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CHAPTER FOUR: Contact issues

Roger Kennedy Karnac Books ePub

General points

Contact between children and the parent who is not their primary carer is desirable in principle but often fraught with complex issues that may have to be addressed before such contact can take place. The decisions that have to be made about such contact include its frequency and whether or not it is direct, that is face to face, or indirect, through letter or telephone contact; whether or not it is supervised or unsupervised, and where it should take place. Such decisions can usually be taken by social services in consultation with the parents. However, there are occasionally times when an expert is called in to give advice, particularly when there is some dispute between the various parties about aspects of the contact, whether or not it should be direct or indirect, supervised or unsupervised, or whether or not is should take place at all.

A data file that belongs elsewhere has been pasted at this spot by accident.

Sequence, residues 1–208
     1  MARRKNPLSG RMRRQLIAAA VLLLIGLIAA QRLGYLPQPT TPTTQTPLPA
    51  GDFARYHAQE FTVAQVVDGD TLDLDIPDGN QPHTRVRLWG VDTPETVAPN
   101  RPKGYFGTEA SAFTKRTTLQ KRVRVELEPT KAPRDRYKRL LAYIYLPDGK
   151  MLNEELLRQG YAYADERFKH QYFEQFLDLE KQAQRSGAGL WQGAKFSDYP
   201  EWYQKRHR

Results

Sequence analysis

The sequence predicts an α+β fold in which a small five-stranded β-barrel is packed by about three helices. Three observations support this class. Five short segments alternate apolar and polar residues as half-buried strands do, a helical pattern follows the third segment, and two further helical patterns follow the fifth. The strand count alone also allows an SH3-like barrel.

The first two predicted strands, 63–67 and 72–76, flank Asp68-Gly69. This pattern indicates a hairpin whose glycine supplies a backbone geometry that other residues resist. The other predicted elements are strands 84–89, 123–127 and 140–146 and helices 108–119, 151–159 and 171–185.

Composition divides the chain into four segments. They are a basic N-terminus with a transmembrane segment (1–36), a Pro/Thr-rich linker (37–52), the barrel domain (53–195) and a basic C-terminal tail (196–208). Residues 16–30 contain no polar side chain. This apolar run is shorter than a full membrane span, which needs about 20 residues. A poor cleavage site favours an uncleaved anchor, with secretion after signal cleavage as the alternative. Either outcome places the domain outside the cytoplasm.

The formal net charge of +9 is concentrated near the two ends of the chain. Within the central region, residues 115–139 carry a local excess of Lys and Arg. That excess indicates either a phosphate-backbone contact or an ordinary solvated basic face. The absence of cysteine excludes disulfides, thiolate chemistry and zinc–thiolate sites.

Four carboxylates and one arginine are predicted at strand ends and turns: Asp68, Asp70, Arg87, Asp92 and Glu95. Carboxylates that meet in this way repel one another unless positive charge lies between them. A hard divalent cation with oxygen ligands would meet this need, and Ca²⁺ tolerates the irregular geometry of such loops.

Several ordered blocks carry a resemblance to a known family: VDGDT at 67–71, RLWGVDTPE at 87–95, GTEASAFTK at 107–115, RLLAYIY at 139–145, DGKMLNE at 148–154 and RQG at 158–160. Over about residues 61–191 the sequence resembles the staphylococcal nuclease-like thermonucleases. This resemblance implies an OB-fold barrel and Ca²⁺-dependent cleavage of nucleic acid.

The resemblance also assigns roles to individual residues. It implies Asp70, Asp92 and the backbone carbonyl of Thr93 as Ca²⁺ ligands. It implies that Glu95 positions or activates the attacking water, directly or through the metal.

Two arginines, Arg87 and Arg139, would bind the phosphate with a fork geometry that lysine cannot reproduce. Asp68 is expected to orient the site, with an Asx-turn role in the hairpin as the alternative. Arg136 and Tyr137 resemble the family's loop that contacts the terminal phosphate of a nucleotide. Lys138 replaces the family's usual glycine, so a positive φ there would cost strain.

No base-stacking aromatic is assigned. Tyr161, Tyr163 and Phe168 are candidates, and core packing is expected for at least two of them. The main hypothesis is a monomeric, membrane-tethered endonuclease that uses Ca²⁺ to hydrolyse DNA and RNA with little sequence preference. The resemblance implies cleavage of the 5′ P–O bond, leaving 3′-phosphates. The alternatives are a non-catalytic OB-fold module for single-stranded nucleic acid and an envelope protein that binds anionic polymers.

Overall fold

In principle, any decisions about contact should be flexible, as situations involving contact disputes change over time. A parent who is initially intransigent about contact arrangements, particularly soon after a decision affecting their care of their child has been taken, may be full of anger and bitterness about the decision, making it difficult for them to see what is in the child’s best interest rather than their own. However, their attitude may change once the dust has settled. A parent who is mentally ill and unable to care for their child may be able to keep up contact when they are well, but not when they are ill again. Another parent who may be unstable and unreliable over keeping up regular contact may eventually settle down. From the child’s point of view, they may wish to change any contact arrangements as they grow up and can decide for themselves whether or not they wish to see an absent parent and for how long. Setting up contact arrangements in stone is to be done only as a last resort, when all possibility of negotiation has broken down. In addition, there is the basic principle that must also be taken into account: that any contact should not jeopardize the child’s new placement, should not cause the placement undue disruption. Making a decision about whether or not there should be contact and what kind and at what level must also take into account the effect on the child’s new home. How much weight one attaches to this factor will depend on the age of the child and the reasons for their removal from the parent’s care. While the absent parent should in principle be able to see their child reasonably frequently, this may not be in the child’s best interests, at least in the early stages of a new placement.